ALSO READ: The Joy Of Being Gilu Joseph
Could you please share with us your experience...on how you withstood the attacks against you?
For me nobody came up to me directly or told me in the face, but most of the comments and all the backslashes were on social media. People were calling me names, tagging me, labelling me. But before doing the shoot, I knew this was coming up. I knew I will have to face lot of criticisms. I was mentally prepared for all of that. So, I was not at all affected. But, my family had to face a little bit more than I faced. For, they had no words to say like I had. If somebody tells me something, I can answer them back because I know what I did and why I did it. I still stand on my decision very very clearly. For my family, though, they did not know why I did it. Neither did they have an idea about what to tell those people who came up to them and called me names. You know they even called me slut, blue-film actress etc? Just because of the picture! I mean there is nothing wrong in being a blue film actor, but for me it was just because of the picture I got that label.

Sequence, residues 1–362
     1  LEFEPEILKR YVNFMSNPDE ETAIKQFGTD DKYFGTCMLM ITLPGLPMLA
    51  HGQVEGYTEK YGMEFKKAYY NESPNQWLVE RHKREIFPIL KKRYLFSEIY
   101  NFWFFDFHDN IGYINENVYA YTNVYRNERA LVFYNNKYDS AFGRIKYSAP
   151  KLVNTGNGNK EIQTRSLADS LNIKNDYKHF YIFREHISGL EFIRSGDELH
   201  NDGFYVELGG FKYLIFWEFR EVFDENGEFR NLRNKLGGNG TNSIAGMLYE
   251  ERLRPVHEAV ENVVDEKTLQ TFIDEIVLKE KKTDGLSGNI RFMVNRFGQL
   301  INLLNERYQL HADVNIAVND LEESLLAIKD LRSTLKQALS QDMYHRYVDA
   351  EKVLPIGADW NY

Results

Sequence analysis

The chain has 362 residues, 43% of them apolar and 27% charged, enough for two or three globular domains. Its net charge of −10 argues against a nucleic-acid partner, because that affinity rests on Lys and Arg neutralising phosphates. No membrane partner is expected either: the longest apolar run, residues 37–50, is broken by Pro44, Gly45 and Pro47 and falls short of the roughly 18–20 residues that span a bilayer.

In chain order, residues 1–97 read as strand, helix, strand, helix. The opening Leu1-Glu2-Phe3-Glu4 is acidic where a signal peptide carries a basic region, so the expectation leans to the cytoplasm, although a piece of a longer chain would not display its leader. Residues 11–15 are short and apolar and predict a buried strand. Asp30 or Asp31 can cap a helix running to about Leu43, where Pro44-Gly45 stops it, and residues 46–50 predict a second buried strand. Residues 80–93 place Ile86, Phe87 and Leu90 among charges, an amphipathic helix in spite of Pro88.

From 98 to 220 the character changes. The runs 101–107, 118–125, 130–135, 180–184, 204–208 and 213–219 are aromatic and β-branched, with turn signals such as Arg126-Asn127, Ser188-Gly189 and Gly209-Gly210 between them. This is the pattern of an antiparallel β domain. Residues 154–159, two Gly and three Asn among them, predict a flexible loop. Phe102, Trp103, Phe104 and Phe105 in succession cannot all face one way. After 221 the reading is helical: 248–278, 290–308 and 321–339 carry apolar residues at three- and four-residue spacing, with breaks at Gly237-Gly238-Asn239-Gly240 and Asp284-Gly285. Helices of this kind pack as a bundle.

More than me, my parents had to face most of the criticism. That is something that affected me a lot. I love my parents and when they are affected with something that I did it, it makes me feel bad; it affects me. I know people forget everything. It’s not there anymore. The phase has gone. The picture did not change my life upside down. But, the only thing that affected me was my parents were hurt, they were clueless about the whole incident.